Portrait of French designer, glassworker, and decorator.

Max Ingrand

French designer, glassworker, and decorator

“Max Ingrand, through constant research in the technique of acid and sand processing, surface and depth, achieved a truly masterly craftsmanship refinement.”

Gio Ponti

Max Ingrand (born December 20, 1908, Bressuire, France–died August 25, 1969, Paris, France) was a French designer, glassworker, and decorator who was known earlier in his career for his studio glass and stained glass window designs. He later became artistic director of light and furniture maker Fontana Arte, where he designed numerous premium light and furniture designs popular among European elites.

Max Ingrand Formal Education And Early Training As A Glass Artist

Mad Ingrand was educated in Paris at the École Nationale Supérieure des Beaux-Arts and École Nationale Supérieure des Arts Décoratifs, where he studied interior design and specialized in decorative arts graduating in 1927. While at school, he apprenticed to renowned stained glass artist Jacques Grüber, known for his Art Nouveau stained glass windows, and architect Charles Lemarequier.

In 1931, Max Ingrand left the workshop of Jacques Gruber to create his own company, and married glass artist Paulette Rouquié. That same year, the young couple worked together creating several glass embossing designs and exhibited the works at the XXII Société des artistes décorateurs. This exhibition and early glass works, led Max Ingrand to receive several private stained-glass commissions. read more

One of the most important assignments of this time was his design and creation of the stained glass windows at the Sainte Agnès church, in Maisons-Alfort, where he further developed his skills as a master glassmaker not shy of utilizing bold luminous colors. During this time, Ingrand also worked on private commissions designing stain glass windows and glass etching.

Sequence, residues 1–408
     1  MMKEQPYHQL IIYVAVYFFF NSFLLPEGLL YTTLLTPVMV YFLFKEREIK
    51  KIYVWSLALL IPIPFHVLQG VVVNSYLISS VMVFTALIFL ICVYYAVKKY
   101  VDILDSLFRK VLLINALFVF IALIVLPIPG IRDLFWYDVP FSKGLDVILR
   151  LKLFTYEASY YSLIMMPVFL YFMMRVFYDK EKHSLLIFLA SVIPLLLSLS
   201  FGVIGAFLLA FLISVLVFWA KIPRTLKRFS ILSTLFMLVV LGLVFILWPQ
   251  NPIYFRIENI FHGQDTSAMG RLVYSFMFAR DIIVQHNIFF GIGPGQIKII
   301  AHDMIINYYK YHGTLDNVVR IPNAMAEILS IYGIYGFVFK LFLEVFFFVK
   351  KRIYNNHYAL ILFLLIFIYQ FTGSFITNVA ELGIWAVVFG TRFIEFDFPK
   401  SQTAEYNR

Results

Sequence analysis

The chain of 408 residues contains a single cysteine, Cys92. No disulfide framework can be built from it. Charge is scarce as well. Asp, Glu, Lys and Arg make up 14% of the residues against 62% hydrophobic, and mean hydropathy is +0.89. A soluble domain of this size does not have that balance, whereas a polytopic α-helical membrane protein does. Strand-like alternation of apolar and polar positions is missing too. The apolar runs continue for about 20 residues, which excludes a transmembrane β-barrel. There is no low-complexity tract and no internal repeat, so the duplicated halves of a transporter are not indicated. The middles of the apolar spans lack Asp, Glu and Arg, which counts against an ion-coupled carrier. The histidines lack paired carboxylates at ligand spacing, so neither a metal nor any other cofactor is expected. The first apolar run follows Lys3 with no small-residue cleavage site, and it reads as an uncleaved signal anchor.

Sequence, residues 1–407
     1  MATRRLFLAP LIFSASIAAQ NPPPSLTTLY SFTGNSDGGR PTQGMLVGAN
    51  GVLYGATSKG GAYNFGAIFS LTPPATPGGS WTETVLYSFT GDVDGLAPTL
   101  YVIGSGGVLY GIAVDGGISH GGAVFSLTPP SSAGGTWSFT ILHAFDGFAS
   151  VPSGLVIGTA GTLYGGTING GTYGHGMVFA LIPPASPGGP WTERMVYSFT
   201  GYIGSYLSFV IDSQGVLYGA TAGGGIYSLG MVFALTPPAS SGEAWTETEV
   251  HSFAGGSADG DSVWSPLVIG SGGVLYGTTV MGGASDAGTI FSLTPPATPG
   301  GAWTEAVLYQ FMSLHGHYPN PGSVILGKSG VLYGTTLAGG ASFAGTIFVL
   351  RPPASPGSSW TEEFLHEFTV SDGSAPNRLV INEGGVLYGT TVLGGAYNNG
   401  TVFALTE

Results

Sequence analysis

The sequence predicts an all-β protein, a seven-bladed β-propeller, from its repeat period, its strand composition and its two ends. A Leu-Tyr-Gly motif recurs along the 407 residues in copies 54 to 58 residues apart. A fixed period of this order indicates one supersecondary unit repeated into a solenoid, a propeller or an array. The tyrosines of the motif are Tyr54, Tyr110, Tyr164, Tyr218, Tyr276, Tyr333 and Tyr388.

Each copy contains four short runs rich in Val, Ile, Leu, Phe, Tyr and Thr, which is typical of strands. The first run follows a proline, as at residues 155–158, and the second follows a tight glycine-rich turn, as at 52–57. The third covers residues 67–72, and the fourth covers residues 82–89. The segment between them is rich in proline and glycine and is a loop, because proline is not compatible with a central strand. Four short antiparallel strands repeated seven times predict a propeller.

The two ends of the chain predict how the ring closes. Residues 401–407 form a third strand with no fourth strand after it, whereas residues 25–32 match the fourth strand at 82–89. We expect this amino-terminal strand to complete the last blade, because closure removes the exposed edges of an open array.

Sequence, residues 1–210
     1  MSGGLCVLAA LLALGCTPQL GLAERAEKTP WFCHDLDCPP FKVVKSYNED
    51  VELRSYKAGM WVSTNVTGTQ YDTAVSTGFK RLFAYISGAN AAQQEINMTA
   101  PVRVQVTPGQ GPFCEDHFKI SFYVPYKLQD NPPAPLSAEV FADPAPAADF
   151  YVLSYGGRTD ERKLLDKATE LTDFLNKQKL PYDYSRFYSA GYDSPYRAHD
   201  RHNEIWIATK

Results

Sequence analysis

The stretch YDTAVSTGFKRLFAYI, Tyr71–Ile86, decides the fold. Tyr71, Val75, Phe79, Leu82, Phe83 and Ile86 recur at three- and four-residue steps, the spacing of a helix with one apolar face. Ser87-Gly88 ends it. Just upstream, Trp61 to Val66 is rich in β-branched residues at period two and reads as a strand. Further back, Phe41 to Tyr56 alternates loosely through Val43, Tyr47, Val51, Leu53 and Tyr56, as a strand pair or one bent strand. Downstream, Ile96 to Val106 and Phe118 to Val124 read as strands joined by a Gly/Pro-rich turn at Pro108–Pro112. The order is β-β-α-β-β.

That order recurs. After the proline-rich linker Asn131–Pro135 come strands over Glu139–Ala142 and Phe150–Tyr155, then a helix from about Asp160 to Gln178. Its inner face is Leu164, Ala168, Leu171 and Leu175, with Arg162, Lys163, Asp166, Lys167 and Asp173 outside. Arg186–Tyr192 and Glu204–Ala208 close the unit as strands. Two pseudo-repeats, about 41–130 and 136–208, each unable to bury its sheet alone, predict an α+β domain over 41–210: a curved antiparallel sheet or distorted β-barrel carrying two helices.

By 1936, Italian architect and designer Gio Ponti, who three years earlier founded the Italian furniture and light making company Fontana Arte along Luigi Fontana and Pietro Chiesa, had already noticed the talent and skill of Max Ingrand, and published in Domus design and architecture magazine some of Ingrand’s works and writing “Max Ingrand, through constant research in the technique of acid and sand processing, surface and depth, achieved a truly masterly craftsmanship refinement. We show his works here as useful examples of decoration, ornament and design which to the perfection and precision of the crafting sometimes add a lyrical inspiration.” Ponti’s recognition of Ingrand’s glass artistic talent would positively affect Ingrand’s career later in life, when he would become the artistic director of  Fontana Arte.

In 1937, he worked on important window designs for Notre-Dame de Paris, and later the Saint-Pierre d’Yvetot Church in Normandy, which would become one of largest stained glass windows in Europe, and was invited by architect Louis Süe to decorate the apartment of cosmetics businesswoman Helena Rubinstein.

Max Ingrand's multicolored stained-glass window at St. Peter's Church of Yvetot in Normandy France
Max Ingrand’s stained-glass window at St. Peter’s Church of Yvetot in Normandy France (1951)

Ingrand’s Involvement Restoring And Designing Church Stained Glasses After World War II